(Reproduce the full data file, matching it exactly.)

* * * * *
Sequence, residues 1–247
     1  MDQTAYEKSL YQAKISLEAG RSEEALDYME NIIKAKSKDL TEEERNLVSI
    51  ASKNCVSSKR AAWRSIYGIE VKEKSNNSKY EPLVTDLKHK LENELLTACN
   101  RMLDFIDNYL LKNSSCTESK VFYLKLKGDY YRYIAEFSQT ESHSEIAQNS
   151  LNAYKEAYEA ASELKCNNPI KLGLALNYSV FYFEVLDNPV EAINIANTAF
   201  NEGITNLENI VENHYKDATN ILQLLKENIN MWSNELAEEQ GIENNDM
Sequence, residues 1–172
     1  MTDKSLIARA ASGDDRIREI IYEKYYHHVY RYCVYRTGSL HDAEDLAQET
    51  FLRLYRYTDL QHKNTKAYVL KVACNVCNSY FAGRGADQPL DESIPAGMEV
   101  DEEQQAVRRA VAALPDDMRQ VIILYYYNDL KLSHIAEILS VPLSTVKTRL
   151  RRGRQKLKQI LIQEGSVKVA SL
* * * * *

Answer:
Sequence, residues 1–247
     1  MDQTAYEKSL YQAKISLEAG RSEEALDYME NIIKAKSKDL TEEERNLVSI
    51  ASKNCVSSKR AAWRSIYGIE VKEKSNNSKY EPLVTDLKHK LENELLTACN
   101  RMLDFIDNYL LKNSSCTESK VFYLKLKGDY YRYIAEFSQT ESHSEIAQNS
   151  LNAYKEAYEA ASELKCNNPI KLGLALNYSV FYFEVLDNPV EAINIANTAF
   201  NEGITNLENI VENHYKDATN ILQLLKENIN MWSNELAEEQ GIENNDM
Sequence, residues 1–172
     1  MTDKSLIARA ASGDDRIREI IYEKYYHHVY RYCVYRTGSL HDAEDLAQET
    51  FLRLYRYTDL QHKNTKAYVL KVACNVCNSY FAGRGADQPL DESIPAGMEV
   101  DEEQQAVRRA VAALPDDMRQ VIILYYYNDL KLSHIAEILS VPLSTVKTRL
   151  RRGRQKLKQI LIQEGSVKVA SL